On teething problems and political deadlines for Terminal 5

Well, well, well, another day, another fiasco.

T4 in Barajas in Madrid was also acclaimed by designers and even was worth the 2006 Stirling Prize for its designers: Richard Rogers Partnership. It was inaugurated on February 5, 2006 and if I recall well, that very Easter we had to spend 3h waiting for our luggage after landing from Cancun. State of the art baggage handling didn’t avoid some of our fellow travellers missing their connecting flights and trains out of Madrid.

March 27, 2008. The £4.3bn T5 at Heathrow has been, again, designed by the same team of architects at Richard Rogers partnership. We will never know what happened. If the architects want government work in the future, they will never let us know if they were forced to work under a political schedule (at travellers expense) or they were just really bad at project management.

You name your dream nightmare:

The computer cannot cope with the number of bags going through

Says a baggage worker,

Glitches on problems with “staff familiarisation”

British Airways blamed.

Another day, another flight cancelled, another suitcase lost, another traveller stressed out. But hey! Look at the building; it’s nice and spanking new, isn’t it? Well, who cares if it is not fit for purpose? I cannot believe that RR Partnership didn’t learn from the Barajas mistakes. I can only think that opening T5 was a political decision, they had a political deadline, and to hell with thousands of travellers suffering the consequences. As for the reputation of the architects… I do not think it gets them in trouble, after all, they have found a niche. They just have to bend to the next government’s decisions without moaning. You need to keep the engine going.

Hobbes, we are not here to comment on what has happened exactly. We take the time to ask WHY these kind of fiascos not only happen but keep repeating themselves in every country.

See, I am just on my early 30s, and my earliest memories aren’t those of airport systems collapsing under supposed ‘normal or subnormal’ conditions, bridges collapsing in the USA, oil tankers breaking up off-shore, utilities losing more water than they charge to their customers, or buildings collapsing under speed-train works (perhaps Chernobyl would be a notable exception).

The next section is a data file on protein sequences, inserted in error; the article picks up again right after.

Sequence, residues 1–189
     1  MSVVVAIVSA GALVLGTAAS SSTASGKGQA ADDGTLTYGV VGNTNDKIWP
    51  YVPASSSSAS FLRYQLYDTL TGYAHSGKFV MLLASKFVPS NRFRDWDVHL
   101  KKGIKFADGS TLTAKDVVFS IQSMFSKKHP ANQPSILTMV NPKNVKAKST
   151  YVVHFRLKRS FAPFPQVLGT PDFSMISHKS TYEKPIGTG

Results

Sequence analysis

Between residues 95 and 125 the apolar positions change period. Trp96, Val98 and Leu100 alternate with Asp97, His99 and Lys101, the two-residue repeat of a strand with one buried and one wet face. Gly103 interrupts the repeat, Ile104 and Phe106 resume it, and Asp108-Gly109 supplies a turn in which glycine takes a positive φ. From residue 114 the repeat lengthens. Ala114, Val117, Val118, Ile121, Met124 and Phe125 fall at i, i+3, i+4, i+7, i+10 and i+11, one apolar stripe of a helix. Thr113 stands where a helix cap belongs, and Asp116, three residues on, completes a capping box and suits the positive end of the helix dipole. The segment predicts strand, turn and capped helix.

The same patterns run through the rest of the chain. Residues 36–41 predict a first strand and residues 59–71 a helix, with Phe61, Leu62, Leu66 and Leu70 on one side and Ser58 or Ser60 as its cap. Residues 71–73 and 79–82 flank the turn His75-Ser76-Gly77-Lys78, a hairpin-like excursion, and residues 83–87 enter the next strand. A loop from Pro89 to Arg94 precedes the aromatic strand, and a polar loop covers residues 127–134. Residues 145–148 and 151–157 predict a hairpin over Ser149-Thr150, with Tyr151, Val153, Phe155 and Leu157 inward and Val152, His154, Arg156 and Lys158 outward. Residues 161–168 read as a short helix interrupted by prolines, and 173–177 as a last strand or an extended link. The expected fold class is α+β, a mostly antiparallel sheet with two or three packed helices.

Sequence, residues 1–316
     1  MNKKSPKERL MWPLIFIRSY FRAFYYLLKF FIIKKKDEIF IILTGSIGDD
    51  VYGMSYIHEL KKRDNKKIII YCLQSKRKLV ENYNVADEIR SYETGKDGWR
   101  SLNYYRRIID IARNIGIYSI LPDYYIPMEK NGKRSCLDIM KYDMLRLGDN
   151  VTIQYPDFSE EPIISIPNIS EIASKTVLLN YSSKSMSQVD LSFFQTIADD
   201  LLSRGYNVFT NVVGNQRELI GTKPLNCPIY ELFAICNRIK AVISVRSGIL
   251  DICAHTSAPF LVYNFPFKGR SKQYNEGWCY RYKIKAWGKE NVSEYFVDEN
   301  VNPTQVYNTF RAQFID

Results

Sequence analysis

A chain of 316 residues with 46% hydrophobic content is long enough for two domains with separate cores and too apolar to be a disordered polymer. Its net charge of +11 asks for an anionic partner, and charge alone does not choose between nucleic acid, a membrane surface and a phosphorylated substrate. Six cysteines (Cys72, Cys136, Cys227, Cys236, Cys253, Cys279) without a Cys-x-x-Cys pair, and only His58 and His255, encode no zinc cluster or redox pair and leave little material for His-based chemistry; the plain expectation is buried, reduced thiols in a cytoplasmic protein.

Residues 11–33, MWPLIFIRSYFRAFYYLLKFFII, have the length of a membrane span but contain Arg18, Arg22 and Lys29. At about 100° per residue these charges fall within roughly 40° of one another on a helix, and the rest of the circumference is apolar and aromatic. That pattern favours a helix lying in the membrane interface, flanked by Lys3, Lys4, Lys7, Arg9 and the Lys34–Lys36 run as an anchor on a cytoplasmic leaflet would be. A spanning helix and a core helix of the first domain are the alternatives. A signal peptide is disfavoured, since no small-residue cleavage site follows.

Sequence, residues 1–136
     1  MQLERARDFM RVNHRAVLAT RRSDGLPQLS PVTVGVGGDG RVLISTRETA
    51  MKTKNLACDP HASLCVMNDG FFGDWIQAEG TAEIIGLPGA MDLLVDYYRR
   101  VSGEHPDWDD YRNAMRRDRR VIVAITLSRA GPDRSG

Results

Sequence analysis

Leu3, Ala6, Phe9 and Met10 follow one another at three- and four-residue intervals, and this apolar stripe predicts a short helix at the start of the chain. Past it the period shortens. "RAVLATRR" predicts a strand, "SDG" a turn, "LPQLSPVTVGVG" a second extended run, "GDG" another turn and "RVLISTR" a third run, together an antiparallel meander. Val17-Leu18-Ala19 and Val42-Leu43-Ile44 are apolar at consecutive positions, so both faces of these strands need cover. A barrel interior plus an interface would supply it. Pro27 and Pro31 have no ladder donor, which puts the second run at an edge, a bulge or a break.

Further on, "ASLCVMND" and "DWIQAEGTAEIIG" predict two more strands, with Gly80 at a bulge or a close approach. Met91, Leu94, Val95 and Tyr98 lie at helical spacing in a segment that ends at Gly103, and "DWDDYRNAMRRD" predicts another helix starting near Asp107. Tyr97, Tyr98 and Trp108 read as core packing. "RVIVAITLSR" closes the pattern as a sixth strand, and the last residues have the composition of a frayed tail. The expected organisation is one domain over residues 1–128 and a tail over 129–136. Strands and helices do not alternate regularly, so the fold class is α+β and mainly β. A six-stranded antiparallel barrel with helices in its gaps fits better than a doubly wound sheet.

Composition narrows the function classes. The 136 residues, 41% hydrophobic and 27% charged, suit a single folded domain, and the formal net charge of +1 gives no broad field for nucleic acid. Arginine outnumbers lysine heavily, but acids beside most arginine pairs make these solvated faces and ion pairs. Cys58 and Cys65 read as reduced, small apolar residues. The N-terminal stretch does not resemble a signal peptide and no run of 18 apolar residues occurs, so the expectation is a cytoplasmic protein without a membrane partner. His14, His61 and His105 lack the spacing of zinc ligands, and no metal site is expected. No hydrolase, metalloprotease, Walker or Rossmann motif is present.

It seems to me that chronic underinvestment and a profiteering is leaving us with an overstretched infrastructure in poor condition for the future. But again, who cares about the younger generations? And I am not supporting global warming pundits here.
As long as the middle classes could get to work and pay their taxes, governments were happy to pay the bill. Now that they are getting older and thinking of retirement, the 21st civilisation that the baby-boomers is doomed. We are left alone again.

These trophy civil constructions that supposedly replace or improve obsolete infrastructure (brand new Suvarnabhumi Airport in Bangkok… old Don Muang airport re-opened on March 25th, 2007) remind me of those advertisements we see everyday, clean, professional, artistically perfect, fantastic script, great and beautiful actors but that, at the end of the day, exist only to praise, acclaim and applaud the work of the ad producers and directors, not the brand, product or service they are advertising.

As they saying goes, vísteme despacio, que tengo prisa. More haste, less speed.

Until tomorrow,



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